Automation has largely replaced human labor as more efficient and cost effective in a variety of industries, including the production of automobiles, clothes, electronics, and other products. Could the agricultural sector be similarly ripe for a revolution?
There are good reasons to believe as much, though it is true for certain types of farms more than others. According to our recent study at Alpha Brown, 27% of farmers are considering the purchase of robotic harvesting solutions when they become available. This should not come as a surprise considering the fact that we also found that over half of farmers surveyed were primarily concerned by labor costs. In fact, that was the most widely shared concern by farmers.
However, automated harvesting solutions would likely be more useful to some types of farms more than others. In particular, when it comes to grapes and and pome fruit, our research found the contract labor costs associated with harvesting those products to be higher than for many other types of fruits and vegetables -- and farmers of the former also appeared more open to adopting robotic solutions. Therefore, it would likely make more financial sense for technology companies to enter the market there.
In addition, we also found both the interest and the return on investment to have greater potential with larger farmers as they generally have higher costs associated with harvesting. According to our survey data, nearly 100,000 farms of 500 acres and greater could be interested in purchasing robotic solutions. And our estimates place that market value at over $5 billion just for the early adopters. According to the trend of growing farm size due to consolidation identified by the USDA, the target market for this technology can be expected to increase over time.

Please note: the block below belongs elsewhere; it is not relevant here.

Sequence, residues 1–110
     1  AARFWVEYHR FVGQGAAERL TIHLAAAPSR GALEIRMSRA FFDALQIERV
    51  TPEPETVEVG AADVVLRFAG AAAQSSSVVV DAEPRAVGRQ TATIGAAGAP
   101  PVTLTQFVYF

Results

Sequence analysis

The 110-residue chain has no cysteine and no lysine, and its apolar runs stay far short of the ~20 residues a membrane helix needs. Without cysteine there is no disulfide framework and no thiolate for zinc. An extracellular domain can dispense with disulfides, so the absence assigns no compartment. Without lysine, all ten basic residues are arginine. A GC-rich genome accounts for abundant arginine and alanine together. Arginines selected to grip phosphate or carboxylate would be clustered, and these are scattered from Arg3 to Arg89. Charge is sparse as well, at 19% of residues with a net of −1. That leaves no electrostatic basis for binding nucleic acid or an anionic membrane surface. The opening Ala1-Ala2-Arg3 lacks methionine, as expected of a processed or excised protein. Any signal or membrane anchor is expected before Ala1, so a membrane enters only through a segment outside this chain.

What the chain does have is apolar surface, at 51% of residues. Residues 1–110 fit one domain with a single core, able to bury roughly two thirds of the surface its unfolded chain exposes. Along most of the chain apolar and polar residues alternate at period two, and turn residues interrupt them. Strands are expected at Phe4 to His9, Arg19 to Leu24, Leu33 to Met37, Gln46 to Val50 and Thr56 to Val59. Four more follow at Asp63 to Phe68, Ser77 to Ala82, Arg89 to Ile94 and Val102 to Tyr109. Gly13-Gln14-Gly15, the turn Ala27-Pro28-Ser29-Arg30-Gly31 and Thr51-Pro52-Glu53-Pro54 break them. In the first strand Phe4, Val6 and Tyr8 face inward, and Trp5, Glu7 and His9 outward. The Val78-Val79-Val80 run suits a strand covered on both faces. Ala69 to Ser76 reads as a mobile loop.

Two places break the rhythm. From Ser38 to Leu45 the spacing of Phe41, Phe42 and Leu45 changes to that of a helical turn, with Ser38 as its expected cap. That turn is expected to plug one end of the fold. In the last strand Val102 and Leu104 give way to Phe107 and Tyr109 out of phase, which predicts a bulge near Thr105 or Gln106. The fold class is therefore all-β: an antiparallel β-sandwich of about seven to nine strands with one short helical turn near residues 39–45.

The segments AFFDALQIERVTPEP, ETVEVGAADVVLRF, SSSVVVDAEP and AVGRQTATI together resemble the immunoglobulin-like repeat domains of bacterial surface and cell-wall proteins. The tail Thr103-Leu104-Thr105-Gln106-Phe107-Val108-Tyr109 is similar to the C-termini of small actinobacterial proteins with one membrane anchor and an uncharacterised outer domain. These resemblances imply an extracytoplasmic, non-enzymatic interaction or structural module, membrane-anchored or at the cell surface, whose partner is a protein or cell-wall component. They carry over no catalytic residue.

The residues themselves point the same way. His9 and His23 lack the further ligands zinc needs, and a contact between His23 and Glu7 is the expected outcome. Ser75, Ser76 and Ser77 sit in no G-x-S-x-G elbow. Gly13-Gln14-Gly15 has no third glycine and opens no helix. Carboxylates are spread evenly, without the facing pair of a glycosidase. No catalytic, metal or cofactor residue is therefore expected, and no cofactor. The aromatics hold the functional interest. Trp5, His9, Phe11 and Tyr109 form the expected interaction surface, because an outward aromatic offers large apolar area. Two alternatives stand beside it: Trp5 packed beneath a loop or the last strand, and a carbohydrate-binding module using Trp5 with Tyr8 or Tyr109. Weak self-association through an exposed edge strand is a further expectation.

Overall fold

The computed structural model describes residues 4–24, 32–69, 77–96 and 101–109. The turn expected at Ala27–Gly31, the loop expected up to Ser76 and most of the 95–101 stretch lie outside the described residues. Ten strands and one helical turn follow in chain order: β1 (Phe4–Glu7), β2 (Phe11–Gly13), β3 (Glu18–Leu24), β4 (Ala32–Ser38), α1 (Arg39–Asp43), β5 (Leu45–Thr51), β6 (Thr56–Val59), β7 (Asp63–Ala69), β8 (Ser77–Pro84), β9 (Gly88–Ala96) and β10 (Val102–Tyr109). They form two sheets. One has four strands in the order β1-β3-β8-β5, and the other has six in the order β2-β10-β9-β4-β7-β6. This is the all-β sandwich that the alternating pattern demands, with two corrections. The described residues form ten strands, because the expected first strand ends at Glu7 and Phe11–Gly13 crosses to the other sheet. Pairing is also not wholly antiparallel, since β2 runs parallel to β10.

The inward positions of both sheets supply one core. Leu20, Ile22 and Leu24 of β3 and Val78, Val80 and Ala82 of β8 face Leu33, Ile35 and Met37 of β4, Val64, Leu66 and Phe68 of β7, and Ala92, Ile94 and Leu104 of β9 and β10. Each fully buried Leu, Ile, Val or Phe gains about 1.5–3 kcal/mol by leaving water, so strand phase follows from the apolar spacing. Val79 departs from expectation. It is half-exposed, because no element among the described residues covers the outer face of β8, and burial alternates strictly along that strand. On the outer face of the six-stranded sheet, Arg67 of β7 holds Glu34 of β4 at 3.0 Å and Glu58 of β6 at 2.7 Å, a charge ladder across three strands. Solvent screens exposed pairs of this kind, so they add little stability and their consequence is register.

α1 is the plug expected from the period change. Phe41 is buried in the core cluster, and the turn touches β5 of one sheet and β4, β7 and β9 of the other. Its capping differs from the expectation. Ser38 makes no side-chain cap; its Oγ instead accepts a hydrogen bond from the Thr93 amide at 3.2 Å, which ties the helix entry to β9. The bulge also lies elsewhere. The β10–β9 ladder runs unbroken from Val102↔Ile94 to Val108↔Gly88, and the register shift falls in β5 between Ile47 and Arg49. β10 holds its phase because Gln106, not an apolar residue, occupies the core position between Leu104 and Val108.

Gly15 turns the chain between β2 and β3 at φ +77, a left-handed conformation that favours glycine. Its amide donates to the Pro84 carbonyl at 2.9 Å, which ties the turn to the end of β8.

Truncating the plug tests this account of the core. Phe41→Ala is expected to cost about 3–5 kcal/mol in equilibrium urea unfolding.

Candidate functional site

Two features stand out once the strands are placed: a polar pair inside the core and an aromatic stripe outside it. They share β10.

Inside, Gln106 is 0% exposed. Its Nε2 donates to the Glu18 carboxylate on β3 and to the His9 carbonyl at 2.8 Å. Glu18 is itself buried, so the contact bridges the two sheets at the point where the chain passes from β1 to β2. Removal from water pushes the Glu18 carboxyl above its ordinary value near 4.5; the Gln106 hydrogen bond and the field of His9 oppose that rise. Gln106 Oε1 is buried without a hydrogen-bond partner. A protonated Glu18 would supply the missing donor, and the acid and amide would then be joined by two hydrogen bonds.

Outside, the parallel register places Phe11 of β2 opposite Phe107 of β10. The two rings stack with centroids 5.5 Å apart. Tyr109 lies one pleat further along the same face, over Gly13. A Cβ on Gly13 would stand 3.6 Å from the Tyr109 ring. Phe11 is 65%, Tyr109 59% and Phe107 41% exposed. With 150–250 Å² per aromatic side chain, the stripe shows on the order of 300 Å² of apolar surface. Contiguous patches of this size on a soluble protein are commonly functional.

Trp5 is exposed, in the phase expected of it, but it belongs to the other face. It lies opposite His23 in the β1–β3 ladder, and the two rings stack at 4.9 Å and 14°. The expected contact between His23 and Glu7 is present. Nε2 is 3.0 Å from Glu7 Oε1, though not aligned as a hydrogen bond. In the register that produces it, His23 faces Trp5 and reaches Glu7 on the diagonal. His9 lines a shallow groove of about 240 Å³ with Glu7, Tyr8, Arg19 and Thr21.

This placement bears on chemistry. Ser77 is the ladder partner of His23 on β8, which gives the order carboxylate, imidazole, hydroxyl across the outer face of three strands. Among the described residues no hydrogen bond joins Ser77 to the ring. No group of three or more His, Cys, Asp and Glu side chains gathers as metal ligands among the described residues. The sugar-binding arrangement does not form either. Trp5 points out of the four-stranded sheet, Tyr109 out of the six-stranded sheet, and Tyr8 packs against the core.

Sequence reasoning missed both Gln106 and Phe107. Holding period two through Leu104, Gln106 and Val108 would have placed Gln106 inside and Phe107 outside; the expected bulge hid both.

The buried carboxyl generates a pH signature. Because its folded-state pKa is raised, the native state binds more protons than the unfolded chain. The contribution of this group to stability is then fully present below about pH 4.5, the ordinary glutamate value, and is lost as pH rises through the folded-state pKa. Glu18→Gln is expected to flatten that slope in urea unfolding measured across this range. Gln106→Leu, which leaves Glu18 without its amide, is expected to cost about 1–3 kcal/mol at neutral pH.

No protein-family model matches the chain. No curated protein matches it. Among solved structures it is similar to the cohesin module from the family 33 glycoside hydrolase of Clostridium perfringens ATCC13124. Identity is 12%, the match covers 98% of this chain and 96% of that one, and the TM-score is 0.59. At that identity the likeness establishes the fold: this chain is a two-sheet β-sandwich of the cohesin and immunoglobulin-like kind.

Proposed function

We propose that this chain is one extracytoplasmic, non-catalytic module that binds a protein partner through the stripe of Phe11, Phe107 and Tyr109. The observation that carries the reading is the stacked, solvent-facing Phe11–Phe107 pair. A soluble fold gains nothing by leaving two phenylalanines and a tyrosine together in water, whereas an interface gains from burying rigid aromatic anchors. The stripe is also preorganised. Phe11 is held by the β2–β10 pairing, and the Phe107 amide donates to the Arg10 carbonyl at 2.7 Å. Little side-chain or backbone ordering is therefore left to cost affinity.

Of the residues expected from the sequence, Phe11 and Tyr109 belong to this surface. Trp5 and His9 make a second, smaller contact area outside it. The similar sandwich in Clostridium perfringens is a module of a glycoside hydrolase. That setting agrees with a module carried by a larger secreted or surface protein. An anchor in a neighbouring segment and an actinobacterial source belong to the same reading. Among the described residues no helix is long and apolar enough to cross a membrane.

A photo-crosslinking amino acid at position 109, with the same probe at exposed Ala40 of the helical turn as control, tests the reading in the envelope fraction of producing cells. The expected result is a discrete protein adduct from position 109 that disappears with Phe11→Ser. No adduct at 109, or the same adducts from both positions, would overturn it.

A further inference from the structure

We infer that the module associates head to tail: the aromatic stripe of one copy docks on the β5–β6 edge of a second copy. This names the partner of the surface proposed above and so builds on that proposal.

Yet, as it stands, only 3.2% of growers are currently using robotic harvesting solutions. One major cause for this low percentage is the limited availability of these products - most have yet to reach the market. Another reason, according to Alpha Brown’s data, is that around three-quarters of farmers are not well-informed regarding the robotic harvesting options available.
However, even those who are informed about technological harvesting solutions may be wary of investing in such a product because most farms grow several types of crops and the solutions are crop-specific. This concern is especially relevant for smaller farms, which may find the purchase of such a robot to be unnecessary considering they will only seeing a return on their investment in 5-10 years they have comparatively low labor costs. Yet, these markets are not a lost cause: if robotic harvesting becomes cheaper and more effective than human labor it would still make financial sense for to rent out such solutions in much they same way as they contractually hire labor.
With a significant portion of the potential target audience already considering robotic harvesting solutions, it is clear that the potential demand is significant. Of course, meeting consumers expectations that robots gather ripe products in a timely manner and without damaging the fruits and vegetables will be a difficult task on the developmental level. However, the potential financial reward for doing so could be great.